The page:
Fuentes, you will not be shocked to learn, is one of the “very fine people” who marched with neo-Nazis at the 2017 Unite the Right rally in Charlottesville. Remember Pepe the Frog? He’s their mascot. He described the mass murder in an El Paso Walmart as an “act of desperation.” Turning Point USA is too tame for his tastes, and his group has lately been heckling speakers like Ben Shapiro, Dan Crenshaw, and even Donald Trump, Jr.
In other words, if anything is beyond the pale for a civilized country, the “groypers” are it. Yet Michelle Malkin has declared herself the “mother of groypers” and called them “good kids.” When she was rebuked by mainstream conservatives, she declared her allegiances proudly:
They want me to disavow Nick Fuentes and VDARE and Peter Brimelow and Faith Goldy and Gavin McInnes and the Proud Boys and Steve King and Laura Loomer and on and on. They want to do to me what they’ve done to brilliant academics who’ve told the truth — Amy Wax at the University of Pennsylvania and Darren Beattie and Jason Richwine and Steve Sailer.
“They” did want that, or at least some mainstream conservatives were willing to draw a line (the grosser MAGA-types like Mike Cernovich and Jim Hoft were not). But now Trump has vitiated that work by praising Malkin. The thing Trump retweeted was not actually a Malkin post, but a tweet of Malkin speaking to a Fuentes event. “America First Clips” is a feed for one of Fuentes’s outlets. Naturally, Fuentes is gloating.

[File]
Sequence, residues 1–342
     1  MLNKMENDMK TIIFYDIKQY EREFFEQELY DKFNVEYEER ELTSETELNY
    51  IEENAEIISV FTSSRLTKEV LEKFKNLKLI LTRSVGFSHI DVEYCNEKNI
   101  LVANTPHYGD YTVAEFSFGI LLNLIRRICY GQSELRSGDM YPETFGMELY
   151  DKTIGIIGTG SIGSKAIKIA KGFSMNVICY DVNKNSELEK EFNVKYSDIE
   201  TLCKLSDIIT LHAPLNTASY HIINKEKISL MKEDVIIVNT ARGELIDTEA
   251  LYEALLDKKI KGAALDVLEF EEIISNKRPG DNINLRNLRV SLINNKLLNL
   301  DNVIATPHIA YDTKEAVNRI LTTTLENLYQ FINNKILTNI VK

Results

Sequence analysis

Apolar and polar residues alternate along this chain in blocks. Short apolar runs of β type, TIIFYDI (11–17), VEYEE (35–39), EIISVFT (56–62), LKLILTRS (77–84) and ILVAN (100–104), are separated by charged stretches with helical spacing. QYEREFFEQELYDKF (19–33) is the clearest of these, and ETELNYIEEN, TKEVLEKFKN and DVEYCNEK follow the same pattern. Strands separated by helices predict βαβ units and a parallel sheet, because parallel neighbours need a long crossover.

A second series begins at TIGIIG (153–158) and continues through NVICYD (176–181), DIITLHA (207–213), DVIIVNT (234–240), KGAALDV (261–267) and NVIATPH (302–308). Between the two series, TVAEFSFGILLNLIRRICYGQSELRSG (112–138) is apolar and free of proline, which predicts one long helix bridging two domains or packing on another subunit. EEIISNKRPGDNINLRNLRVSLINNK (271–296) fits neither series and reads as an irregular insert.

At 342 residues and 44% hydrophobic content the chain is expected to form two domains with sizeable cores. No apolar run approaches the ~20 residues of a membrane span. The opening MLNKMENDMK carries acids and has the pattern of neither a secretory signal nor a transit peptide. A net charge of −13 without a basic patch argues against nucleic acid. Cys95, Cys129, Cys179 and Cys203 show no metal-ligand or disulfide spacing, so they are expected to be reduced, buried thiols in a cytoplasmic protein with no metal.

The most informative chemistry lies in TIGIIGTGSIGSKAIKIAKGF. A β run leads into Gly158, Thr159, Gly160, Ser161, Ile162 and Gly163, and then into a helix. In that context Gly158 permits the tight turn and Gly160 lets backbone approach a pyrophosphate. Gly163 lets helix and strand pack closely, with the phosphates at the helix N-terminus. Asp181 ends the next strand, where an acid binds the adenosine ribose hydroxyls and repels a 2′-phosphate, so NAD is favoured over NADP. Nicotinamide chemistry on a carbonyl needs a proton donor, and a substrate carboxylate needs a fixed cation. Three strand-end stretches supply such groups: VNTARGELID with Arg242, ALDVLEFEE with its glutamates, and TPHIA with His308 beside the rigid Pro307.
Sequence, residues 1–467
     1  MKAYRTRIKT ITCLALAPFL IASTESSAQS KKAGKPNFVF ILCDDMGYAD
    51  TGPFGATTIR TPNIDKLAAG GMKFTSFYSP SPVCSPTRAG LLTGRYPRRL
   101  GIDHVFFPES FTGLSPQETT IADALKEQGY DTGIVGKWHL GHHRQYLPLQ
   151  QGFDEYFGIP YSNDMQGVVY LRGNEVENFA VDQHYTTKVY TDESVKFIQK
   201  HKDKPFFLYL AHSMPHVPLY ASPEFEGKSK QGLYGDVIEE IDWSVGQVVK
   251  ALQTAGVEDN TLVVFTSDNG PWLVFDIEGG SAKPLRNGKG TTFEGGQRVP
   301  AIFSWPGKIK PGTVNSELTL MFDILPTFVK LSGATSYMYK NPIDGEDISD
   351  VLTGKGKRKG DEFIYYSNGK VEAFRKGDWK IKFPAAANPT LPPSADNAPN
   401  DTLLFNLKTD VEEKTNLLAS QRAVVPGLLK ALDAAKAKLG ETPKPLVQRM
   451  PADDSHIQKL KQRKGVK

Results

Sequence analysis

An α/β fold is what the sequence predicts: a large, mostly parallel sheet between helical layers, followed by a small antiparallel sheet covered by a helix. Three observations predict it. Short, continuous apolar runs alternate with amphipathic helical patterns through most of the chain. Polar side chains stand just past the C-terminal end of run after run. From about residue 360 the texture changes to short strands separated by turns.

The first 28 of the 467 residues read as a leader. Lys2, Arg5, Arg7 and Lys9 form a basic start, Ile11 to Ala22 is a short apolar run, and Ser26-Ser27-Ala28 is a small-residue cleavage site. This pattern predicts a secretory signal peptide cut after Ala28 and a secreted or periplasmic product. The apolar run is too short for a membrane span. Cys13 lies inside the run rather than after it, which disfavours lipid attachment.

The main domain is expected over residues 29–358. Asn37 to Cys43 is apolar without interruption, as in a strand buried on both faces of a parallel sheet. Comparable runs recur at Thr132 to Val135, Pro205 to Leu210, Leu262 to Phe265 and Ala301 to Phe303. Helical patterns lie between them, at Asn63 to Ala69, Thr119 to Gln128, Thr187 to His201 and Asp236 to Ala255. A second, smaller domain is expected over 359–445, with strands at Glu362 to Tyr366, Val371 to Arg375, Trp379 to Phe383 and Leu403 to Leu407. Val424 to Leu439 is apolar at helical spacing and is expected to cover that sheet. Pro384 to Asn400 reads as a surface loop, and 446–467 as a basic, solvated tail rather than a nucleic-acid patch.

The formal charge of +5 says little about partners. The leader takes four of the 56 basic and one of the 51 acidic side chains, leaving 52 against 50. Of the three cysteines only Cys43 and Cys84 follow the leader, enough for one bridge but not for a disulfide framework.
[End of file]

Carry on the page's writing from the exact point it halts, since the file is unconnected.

Trump defenders will no doubt protest that Trump knew nothing of Malkin’s descent into neo-Nazi land; that he was merely endorsing her complaint about discrimination against conservative voices. Or they may object that Trump was taken in by the title “America First Clips,” assuming that a group using his tagline must be okay.
But that’s no excuse at all. In fact, Trump probably did not know much about those he praised, either Malkin or, by extension, Fuentes. But he has a duty to know. Yes, he’s an indolent ignoramus, but guess what, the taxpayers are paying for a huge staff. He has people who can check. He doesn’t use them because he doesn’t care. His moral reasoning is primitive. If you are pro-Trump, no matter what else you are (a murderous dictator, a racist troll), you’re fine in his book. A bunch of loutish protesters harass a TV journalist using the F words (“fake news” and the other one), and Trump proclaims them “great people.” He has no objective moral standards. Everything is about him. On a scale of moral reasoning, he is subzero.
But the world of conservative opinion shapers does still attempt, however weakly, to maintain some guard rails. With every passing day of Donald Trump’s leadership, those standards crumble a bit more.
Correction: An earlier version of this story incorrectly stated Fuentes was 22 years old.
Mona Charen is a nationally syndicated columnist, a senior fellow at the Ethics and Public Policy Center, a contributor to The Bulwark, and host of The Bulwark’s Beg to Differ podcast.
Photo credit: Gage Skidmore